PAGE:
If your soil is a clay type that drains very slowly, or a sandy soil that drains quickly, the structure of the soil should be improved. This can be achieved using organic material like home made compost, stock piled leaves, or any farm manure added to the soil. I travel a reasonable distance to horse stables for my manure. There is no need to compost “FRESH” horse manure mixed with straw, shavings hay etc., just till into the soil and water. Most of the nutritional value is lost waiting for the “well rotted” stage. The leaching from these mixed materials will enhance any soil. Organic matter reduces drainage in sand, and increases drainage in clay. A good source of nutrients will be available as required when your new plants need it.
Lots of air circulation is needed among roses, not too draughty or too confined. Good air movement keeps foliage dry, and reduces maintenance.
In planning your beds, allow at least 0.8mtr. between bushes and 0.5mtr., from walls or other fixed structures. Planting roses in beds on their own rather than mixed with other shrubs also helps. Shrubs will inhibit air movement and rob the soil (and roses) of nutrients and moisture.
While very little can be done to alter local climate conditions, as long as you are aware of hot spots, low spots, and wind tunnel areas, you can proceed with enthusiasm.
Now that you have prepared you suitable site, a soil test should be done. You will find it a lot easier to amend the soil before planting rather than later. Most councils have facilities to complete a professional soil test. Apart from an accurate PH reading, they will identify what is in your soil. Instructions and any recommendations come with the results.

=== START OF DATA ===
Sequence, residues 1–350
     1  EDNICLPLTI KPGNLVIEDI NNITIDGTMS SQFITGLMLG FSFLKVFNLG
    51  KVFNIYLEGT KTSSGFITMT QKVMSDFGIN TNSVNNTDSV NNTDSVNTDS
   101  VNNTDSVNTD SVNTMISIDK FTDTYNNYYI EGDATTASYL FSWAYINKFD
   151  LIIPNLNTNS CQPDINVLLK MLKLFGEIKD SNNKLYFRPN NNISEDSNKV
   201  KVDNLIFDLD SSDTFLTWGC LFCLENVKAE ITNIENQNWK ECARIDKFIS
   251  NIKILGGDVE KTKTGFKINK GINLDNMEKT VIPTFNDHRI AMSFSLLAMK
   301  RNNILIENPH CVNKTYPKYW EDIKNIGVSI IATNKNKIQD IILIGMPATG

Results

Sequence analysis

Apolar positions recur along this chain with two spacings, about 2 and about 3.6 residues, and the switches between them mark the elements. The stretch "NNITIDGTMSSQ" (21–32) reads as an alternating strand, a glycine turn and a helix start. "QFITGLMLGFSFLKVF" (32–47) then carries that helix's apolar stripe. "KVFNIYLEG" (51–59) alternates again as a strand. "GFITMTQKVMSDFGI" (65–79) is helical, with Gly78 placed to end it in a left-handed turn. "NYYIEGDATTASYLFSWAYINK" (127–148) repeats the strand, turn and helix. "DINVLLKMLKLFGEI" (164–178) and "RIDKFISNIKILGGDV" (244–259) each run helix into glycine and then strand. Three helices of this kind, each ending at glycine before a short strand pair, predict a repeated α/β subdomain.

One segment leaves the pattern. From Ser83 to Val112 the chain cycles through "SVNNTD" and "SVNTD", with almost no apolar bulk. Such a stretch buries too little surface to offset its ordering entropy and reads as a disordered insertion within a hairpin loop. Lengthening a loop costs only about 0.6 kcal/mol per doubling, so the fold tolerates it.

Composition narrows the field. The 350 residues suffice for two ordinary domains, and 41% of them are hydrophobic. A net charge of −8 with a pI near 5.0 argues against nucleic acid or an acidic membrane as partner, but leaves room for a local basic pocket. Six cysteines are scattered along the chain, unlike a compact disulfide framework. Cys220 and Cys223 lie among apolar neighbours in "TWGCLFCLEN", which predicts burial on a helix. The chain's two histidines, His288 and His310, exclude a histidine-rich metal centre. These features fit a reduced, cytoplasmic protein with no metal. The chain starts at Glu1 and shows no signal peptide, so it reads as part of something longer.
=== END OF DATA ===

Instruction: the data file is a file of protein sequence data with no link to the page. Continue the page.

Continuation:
Rose catalogue time is here again, what will your new rose babies be this year? Watch for a new release ‘Pope John Paul 11’ from Dr. Keith Zary. This outstanding white HT caught my attention in Canada last year. The flowers are full, exhibition form with intense fragrance, growth is upright to around 1.5mtrs. Be among the early birds by getting your bare root selections in early, this should insure availabilities of you choice.
I like to grow at least one new variety of rose in a container for a year to evaluate its performance. If it meets expectations it earns a valuable spot in the garden. If it fails to perform it’s a raffle prize at a rose members meeting.